Pennsylvania Becomes Eighth State to Set PFAS Drinking Water Limits
As awareness grows of the spread and health impacts of the toxic forever chemicals known as per- and poly-fluoroalkyl substances (PFAS), more and more U.S. states are taking steps to regulate them.
The latest is Pennsylvania, which published a legal limit for perfluorooctanoic acid (PFOA) and perfluorooctanesulfonic acid (PFOS)–two of the most widespread types of PFAS–in drinking water on Jan. 14.
“This final-form rulemaking will protect public health by setting State MCLs [Maximum Contaminant Levels] for contaminants in drinking water that are currently unregulated at the Federal level,” the rule reads. “With this final-form rulemaking, the Commonwealth has moved ahead of the United States Environmental Protection Agency (EPA) in addressing PFOA and PFOS in drinking water and joins a small group of states that have set regulatory limits for select PFAS in drinking water.”
PFAS are a class of chemicals that have been used by industry since the 1940s in products such as firefighting foam, non-stick cookware and stain- or water-resistant items. They are called “forever chemicals” because they do not break down in the human body or the environment and have been found everywhere from rainwater to umbilical cord blood. They have also been linked to a number of health impacts including cancer , developmental problems and immune suppression.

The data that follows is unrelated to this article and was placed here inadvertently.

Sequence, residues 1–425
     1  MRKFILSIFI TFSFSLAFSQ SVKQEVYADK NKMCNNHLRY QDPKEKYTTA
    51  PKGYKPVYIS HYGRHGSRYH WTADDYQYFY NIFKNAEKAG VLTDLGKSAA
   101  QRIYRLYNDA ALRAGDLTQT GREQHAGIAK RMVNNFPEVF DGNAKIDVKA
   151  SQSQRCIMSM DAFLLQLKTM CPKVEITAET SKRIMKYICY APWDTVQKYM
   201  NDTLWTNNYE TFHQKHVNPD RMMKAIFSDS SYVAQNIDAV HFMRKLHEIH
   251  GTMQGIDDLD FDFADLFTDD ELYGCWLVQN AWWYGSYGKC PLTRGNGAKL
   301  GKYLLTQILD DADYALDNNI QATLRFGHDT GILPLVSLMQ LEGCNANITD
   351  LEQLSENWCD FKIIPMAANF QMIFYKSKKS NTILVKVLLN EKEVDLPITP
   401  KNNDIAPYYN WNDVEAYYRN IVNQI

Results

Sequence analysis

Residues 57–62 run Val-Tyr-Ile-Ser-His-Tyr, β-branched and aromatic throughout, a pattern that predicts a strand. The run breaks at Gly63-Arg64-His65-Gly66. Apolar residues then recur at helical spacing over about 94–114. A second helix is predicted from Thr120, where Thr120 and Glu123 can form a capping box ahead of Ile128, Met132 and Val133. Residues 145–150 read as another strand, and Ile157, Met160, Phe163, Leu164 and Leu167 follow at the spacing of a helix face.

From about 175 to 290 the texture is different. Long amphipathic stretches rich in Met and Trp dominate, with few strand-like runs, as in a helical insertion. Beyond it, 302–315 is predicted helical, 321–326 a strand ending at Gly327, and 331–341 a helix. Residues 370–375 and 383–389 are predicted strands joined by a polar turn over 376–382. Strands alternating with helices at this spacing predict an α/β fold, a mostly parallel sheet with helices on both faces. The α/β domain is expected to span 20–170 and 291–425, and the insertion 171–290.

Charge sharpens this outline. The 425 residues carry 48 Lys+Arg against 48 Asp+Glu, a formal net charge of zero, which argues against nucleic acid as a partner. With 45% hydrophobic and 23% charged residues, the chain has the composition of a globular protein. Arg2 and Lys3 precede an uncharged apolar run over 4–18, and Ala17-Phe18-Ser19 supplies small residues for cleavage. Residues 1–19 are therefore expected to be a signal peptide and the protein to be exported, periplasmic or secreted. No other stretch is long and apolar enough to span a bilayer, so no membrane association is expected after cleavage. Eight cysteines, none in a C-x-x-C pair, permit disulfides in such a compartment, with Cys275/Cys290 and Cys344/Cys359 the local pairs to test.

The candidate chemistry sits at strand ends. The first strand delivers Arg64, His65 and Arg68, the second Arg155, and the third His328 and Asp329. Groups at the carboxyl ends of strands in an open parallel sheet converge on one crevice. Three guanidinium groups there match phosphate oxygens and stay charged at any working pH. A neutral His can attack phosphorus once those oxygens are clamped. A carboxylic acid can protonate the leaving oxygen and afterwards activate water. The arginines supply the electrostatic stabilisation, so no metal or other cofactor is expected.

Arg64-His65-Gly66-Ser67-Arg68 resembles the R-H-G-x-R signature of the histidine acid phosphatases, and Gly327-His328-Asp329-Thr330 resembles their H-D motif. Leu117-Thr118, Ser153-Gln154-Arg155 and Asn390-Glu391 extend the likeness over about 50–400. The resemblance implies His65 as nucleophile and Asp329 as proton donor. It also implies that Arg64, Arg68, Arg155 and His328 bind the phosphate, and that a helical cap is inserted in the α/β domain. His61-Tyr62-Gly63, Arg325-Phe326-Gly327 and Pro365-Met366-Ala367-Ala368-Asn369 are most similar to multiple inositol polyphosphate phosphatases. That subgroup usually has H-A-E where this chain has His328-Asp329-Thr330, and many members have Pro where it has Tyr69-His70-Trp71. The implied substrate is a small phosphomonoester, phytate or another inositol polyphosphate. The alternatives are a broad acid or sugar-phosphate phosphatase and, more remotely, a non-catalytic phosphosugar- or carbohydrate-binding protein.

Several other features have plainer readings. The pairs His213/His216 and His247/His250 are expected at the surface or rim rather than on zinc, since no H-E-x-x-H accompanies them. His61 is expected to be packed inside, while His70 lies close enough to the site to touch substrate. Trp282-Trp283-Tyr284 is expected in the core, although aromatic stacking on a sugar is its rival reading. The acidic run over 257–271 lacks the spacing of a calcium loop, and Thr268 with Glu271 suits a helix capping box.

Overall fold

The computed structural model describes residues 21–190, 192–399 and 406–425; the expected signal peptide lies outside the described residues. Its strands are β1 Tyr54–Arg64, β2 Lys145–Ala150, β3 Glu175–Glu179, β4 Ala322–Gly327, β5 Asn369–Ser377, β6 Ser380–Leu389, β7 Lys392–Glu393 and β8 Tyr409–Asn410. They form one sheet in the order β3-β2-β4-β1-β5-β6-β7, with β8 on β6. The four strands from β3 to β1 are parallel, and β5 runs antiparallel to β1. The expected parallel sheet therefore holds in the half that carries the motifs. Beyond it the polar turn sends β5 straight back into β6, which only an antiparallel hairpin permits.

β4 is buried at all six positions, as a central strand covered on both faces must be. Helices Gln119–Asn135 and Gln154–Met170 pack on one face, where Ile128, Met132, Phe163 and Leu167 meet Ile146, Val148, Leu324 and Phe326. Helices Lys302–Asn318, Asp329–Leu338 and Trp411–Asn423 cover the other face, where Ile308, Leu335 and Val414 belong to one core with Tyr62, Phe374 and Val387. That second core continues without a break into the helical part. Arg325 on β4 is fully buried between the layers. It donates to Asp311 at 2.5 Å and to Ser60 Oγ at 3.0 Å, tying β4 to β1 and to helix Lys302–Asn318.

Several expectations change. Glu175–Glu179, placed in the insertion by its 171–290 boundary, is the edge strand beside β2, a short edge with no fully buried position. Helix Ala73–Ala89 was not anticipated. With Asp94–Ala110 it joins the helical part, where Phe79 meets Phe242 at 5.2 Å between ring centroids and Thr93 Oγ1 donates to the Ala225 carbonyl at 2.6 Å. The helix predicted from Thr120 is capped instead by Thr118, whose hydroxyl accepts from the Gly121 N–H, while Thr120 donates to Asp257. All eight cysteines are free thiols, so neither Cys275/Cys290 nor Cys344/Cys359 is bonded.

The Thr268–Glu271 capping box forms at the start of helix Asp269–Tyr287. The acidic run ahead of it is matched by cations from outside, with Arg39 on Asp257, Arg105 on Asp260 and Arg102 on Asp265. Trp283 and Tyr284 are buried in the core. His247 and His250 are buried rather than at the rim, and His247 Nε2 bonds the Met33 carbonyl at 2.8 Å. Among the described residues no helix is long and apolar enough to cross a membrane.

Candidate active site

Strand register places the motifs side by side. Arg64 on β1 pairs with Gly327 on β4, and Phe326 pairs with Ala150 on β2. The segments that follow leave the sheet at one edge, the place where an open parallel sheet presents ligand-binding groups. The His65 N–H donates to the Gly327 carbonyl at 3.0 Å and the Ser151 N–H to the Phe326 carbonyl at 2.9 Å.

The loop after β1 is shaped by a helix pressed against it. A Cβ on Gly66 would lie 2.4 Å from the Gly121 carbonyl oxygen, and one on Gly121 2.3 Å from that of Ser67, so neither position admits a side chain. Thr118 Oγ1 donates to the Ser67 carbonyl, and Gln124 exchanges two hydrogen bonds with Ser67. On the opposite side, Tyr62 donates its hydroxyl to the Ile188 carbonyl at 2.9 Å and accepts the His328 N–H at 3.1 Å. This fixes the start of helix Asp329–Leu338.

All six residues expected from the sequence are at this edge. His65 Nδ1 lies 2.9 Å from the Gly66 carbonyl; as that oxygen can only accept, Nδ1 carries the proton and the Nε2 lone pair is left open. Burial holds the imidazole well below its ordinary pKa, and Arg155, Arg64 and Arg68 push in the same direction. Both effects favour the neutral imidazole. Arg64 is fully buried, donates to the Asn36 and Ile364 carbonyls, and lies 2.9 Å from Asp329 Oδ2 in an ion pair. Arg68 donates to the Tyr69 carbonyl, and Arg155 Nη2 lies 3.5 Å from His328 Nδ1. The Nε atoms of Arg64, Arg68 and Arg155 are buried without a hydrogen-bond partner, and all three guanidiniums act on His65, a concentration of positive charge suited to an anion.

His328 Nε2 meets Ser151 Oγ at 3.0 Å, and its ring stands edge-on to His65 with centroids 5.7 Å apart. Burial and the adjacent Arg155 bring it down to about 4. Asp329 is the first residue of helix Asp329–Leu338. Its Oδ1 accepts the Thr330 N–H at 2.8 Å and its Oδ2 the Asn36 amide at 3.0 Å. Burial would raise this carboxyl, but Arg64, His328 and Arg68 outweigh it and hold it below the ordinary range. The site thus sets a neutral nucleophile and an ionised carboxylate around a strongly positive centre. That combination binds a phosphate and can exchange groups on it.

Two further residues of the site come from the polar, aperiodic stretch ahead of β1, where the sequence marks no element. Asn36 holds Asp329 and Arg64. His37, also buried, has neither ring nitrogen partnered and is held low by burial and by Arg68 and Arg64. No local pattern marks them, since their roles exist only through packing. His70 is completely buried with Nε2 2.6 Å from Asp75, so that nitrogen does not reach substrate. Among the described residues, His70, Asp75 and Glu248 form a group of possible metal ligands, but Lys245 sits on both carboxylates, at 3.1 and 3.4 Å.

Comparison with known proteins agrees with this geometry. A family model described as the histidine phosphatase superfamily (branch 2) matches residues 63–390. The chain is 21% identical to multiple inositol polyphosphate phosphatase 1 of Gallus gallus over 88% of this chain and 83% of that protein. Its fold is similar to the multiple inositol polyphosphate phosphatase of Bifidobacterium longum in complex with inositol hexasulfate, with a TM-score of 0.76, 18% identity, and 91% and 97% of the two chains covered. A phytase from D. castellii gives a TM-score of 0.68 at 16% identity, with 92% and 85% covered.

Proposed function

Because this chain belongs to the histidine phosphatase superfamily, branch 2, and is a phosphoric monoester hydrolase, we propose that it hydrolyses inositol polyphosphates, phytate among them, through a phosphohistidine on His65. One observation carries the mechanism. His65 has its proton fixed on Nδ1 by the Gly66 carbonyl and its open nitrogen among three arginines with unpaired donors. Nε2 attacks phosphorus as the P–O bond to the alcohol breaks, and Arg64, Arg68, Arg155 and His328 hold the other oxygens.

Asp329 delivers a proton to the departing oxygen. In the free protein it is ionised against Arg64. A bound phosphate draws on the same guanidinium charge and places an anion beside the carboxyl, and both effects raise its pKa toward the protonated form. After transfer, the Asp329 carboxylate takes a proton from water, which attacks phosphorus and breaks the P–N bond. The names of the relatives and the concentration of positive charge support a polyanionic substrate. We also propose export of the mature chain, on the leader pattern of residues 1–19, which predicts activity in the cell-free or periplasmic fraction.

PFOA and PFOS have both been phased out from active use in the U.S. but continue to persist in the environment. PFOA has been linked with liver, testicle, breast and pancreas tumors and PFOS with birth defects and cancer.
Pennsylvania’s new regulation limits PFOA in drinking water to 14 parts per trillion (PPT) and PFOS to 18 PPT. The rule will apply to the state’s 3,117 water systems, which include community, bottled, bulk and retail drinking water, according to the rule. The new regulation also sets standards for testing drinking water, reporting results and cleaning contaminated water, Patch reported.
Pennsylvania has struggled with PFAS contamination in the past. In 2021, its Department of Environmental Protection (DEP) said around one third of more than 400 sites assessed tested positive for one PFAS chemical, AP News reported. The federal government has been slow to act on PFAS regulation, so Pennsylvania Governor Tom Wolf signed an Executive Order in 2018 creating a multi-agency PFAS Action Team to study and address contamination, as the rule explained. The new limit comes out of that work.
“Since Governor Tom Wolf signed an executive order in 2018, DEP has been committed to protecting Pennsylvanians from the adverse impacts of PFAS. We are still learning more about these chemicals, and these new MCLs are a step in the right direction,” DEP Acting Secretary Ramez Ziadeh said, as Patch reported.
In 2022, 14 states adopted 33 policies related to PFAS, according to Toxic-Free Future. The new rule noted that seven other states had set drinking water limits for at least one of the chemicals: Massachusetts, Michigan, New Hampshire, New Jersey, New York, Vermont and Washington.
While there is no enforceable drinking water limit for PFAS on the federal level, the EPA did update its safety guidance for PFOA and PFOS from 70 ppt to near zero in June 2022. It also proposed regulating both chemicals under the Superfund law.
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